It is possible that exited cells approach the end of their lives and are then rapidly eliminated by scavenging MΦ. Fast clearance of exited cells–and the CD45 surface marker we relied on for detection–may have led to an underestimation of the exit rate. We therefore conceived a second experiment that used a nonbiodegradable cell label. Specifically, we derivatized a nanoparticle that distributes to infarct Mo/MΦ with the slow-decaying radioisotope 111Indium via the tight chelator diethylenetriaminepentaacetic acid (DTPA; 111In-CLIO). Previous work (Harisinghani et al., 2003; Weissleder et al., 2005; Devaraj et al., 2009; Swirski et al., 2009; Panizzi et al., 2010) and own, unpublished data show that these nanoparticles efficiently label Mo/MΦ and are cleared from the intravascular/extracellular space 24 h after intravenous injection. Mice were injected with 111In-CLIO two days after MI (Fig. 3 B). We then waited 24 h to allow for sufficient uptake into Mo/MΦ in the infarct. Next, the heart containing 111In-CLIO labeled infarct Mo/MΦ was transplanted into a recipient mouse. Before transplantation and after a 24 h period that allowed for exit of labeled cells, the heart was studied by scintillation counting. After correction for 111Indium decay, we calculated the reduction of 111In-CLIO signal in the graft, and by extension departure of Mo/MΦ from the infarct. We found 46.9 × 105 ± 5.2 × 105 gamma counts per heart before implantation and 36.6 × 105 ± 3.4 × 105 counts per heart 24 h later (Fig. 3 B). We also measured radioactivity in blood and exiting cell’s potential destination organs. Assuming a Mo/MΦ population size of 7 × 105 in MI (Nahrendorf et al., 2007b) and using the activity at time of transplantation, we calculated a photon count per Mo/MΦ value of 5.2, which we then used to estimate the number of exited cells in transplant recipient tissues (Fig. 3 B). We found that the liver and blood were the compartments with the highest numbers of exited Mo/MΦ (22,903 ± 2711 and 10,220 ± 2410, respectively), confirming the results obtained with flow cytometric detection of CD45.2. Summing radioactivity measured in the transplant recipient, we calculated that 13% of Mo/MΦ had exited the heart within 24 h. We thus concluded that while exit occurred, its contribution to Mo/MΦ clearance from the site of acute inflammation was minor.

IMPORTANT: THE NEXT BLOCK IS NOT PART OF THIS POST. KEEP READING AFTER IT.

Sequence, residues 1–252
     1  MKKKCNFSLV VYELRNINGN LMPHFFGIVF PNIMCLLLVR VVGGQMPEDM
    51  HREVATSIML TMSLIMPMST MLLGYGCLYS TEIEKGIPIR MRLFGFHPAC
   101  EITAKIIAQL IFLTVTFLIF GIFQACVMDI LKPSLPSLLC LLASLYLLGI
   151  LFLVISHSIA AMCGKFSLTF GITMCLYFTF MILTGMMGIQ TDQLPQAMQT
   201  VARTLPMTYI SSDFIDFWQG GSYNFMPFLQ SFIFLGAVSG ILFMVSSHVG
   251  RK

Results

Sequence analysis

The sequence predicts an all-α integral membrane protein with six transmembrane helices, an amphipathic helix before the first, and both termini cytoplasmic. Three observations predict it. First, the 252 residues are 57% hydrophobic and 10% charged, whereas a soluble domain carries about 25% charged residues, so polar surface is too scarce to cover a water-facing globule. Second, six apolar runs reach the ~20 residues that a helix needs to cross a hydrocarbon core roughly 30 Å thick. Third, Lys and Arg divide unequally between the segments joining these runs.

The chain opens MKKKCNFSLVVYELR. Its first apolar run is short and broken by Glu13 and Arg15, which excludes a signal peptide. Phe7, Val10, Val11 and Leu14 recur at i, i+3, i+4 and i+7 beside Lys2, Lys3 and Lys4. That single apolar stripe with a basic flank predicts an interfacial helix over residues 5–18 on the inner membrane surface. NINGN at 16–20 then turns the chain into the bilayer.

Recruited innate immune cells can undergo apoptosis in MI in rabbits (Takemura et al., 1998). We therefore studied the rate of local Mo/MΦ death in acute inflammation. We co-stained hearts harvested from mice 3 and 6 d after MI for CD11b, a surface marker for myeloid cells, and terminal deoxynucleotidyltransferase-mediated dUTP-biotin nick end labeling (TUNEL; Fig. 3 C). TUNEL staining in infarcts harvested from CX3CR1gfp/+ mice confirmed that TUNEL+ cells were Mo and not neutrophils (unpublished data). Quantification revealed that 1.9 ± 0.1% of CD11b+ cells were also TUNEL+, and therefore were undergoing apoptosis. On day 6 after MI, when the Mo/MΦ population begins to contract, 4.5 ± 2.0% of Mo/MΦ were TUNEL+ (Fig. 3 C, MI day 3 vs. MI day 6; P = 0.03).